We are all expert and non-expert at the same time, but we don't act on our knowledge of this fact. We don't seem to believe and act on what we know. We are either suspicious of the experts and therefore stay away from them, fearing their manipulation, their control, or we fall passively into their arms and expect them to somehow work magic without doing anything ourselves.
At the personal level, we worry, "How can I possibly know when the expert is right?" and so the question for all of us, whether we are dealing as individuals or as a society, is how may we make appropriate use of experts, both in our lives and as a nation, in order to reach our goals. How do we choose our expert? There are no certainties, but there are strong indicators and I would stress some of them:
Beware of the person who makes big claims for what you are going to get out of it-huge gains or instant gains or certain gains. Beware of someone who presents a cartoon image of the situation that has to be dealt with, because the reality is going to be more complex.
Beware of someone who hands out the definitive solution. As a society, we crave quick "fixes", easy solutions, but such are not realistic.
Beware of heavy pressure to act now, which usually means pay now without thought or question.
Finally, beware of the expert who is famous only for being famous-putting out a big fat book, for example.
What I'm talking about is common sense. Put those claims of the expert into the larger context; connect them to all the other factors in your life, so that you can then evaluate them. The key point in this partnership is a sense of context, the context in which we want this expert to operate. We start to demythologise expertise when we put the experts themselves back in the human context. So we use our experts best, we get our money's worth, when we use them in their own niche. For example, we consult our lawyer or accountant or a financial planner, some one person to help us. Who is responsible for seeing you get your money's worth? You are; you are the one who is paying, after all.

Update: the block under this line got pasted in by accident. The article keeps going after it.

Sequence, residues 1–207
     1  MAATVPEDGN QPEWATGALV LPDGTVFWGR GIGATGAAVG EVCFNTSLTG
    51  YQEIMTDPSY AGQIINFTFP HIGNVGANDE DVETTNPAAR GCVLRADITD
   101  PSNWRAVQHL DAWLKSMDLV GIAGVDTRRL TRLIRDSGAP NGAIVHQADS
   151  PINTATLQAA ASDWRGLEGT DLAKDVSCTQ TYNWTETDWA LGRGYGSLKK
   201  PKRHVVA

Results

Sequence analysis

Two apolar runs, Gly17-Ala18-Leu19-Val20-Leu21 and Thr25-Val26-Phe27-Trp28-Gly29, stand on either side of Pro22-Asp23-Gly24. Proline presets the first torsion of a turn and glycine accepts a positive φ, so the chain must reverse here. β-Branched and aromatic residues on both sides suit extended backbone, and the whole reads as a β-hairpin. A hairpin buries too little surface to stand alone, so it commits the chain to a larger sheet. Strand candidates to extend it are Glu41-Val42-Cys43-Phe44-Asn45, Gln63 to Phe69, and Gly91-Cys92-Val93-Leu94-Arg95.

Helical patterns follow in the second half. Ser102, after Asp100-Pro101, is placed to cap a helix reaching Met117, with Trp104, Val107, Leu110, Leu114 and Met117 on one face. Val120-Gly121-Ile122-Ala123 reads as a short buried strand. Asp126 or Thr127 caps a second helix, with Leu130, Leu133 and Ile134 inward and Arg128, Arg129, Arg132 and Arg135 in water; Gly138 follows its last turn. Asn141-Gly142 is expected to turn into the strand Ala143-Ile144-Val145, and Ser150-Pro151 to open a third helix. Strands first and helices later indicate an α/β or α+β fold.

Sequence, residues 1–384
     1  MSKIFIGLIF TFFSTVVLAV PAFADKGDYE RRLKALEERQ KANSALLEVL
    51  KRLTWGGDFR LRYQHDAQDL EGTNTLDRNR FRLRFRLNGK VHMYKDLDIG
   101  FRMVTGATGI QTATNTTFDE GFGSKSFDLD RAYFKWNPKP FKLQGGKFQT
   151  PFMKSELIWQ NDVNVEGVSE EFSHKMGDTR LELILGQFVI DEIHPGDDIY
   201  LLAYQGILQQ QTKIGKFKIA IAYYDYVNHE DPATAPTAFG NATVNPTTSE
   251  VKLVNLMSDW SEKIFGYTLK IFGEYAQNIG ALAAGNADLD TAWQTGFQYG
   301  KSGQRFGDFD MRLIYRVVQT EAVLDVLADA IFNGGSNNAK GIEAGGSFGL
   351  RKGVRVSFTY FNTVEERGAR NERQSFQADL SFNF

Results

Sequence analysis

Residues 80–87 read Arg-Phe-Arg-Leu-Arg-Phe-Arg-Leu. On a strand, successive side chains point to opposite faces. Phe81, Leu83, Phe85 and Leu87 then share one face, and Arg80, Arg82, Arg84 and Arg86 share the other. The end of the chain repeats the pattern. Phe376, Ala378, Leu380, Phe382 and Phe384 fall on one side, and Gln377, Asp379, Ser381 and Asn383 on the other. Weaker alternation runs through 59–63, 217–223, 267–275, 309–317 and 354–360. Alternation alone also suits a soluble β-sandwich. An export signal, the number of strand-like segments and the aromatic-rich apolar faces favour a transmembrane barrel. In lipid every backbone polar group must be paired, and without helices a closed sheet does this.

I see it in terms of a contract and I see it this way: You are the non-expert. You are consulting the expert, but should make preparation beforehand so that you know why you are meeting with this person. You must pay attention during the meeting, rather than being too intimidated to listen to what is happening, and you should certainly participate during the meeting. If you don't understand what is being said, if it doesn't make sense-ask. If you don't ask, the expert can't tell you. You also need to think afterwards about what has been said and follow through. Think about it and decide how you are going to incorporate it into your life. That is your side of the bargain.
The expert also has responsibilities: competence, clarity, courtesy and follow-through. If you are participating in this relationship and trusting your own intelligence and your own common sense, I would suggest the following points.
1. Has this expert the credentials that research tells you are important in this field? Has he or she good references from clients similar to you?
2. Are your questions answered? Are they answered clearly or are they brushed off?
3. Does working with this person make you feel clearer about the subject matter at hand or does it just get more confusing all the time?
4. Does this partnership help you set and then reach your own chosen goals?
5. Does this person's style and advice make sense in the context of the world you notice around you?
6. Finally, are you comfortable?
If you can say yes to all of the above, you are working with someone who is helping you learn more, do more, and be more of what you want to be, and that means he or she is the right expert for you.
We are, of course, not always in a situation where we are able to deal one-on-one. We may wish to make some decisions and yet we cannot conveniently sit down with one person. Take charities for example. There are all those good causes and you must decide which you might support of the many that approach you. How do you judge? Well, I know what to do at this point; I call in my expert: Ken Wyman.
I'm going to be wearing two expert hats today. I'm here as a fund-raising consultant and, as a fund-raising consultant, I want you to ignore all the following good advice and make impulse gifts to all my clients cheerfully.
However, I'm also going to share with you some of the tricks of the trade we use to encourage you to give. It's a little unfair to ask me to help you to cope with people like me but I'll try. I'm also here as a fund-giving consultant and in that capacity I'm going to give you the same, I hope good, advice that I give to foundations and to corporations on how to make the best donation decisions-how to be your own expert philanthropist and you must be an expert philanthropist today.
Why do you give at all? Why do you give to certain charities and not to others? The decision is far more complex than choosing a brand of toothpaste or even an RRsP. In part, because the number of registered charities in Canada is mammoth. There now are fifty-five thousand registered charities in Canada that want your donations and the numbers are growing by about five every working day. There will be another ten percent by the end of this year.
Now, you have to understand the motivational tricks used by experts to get you to make your contribution.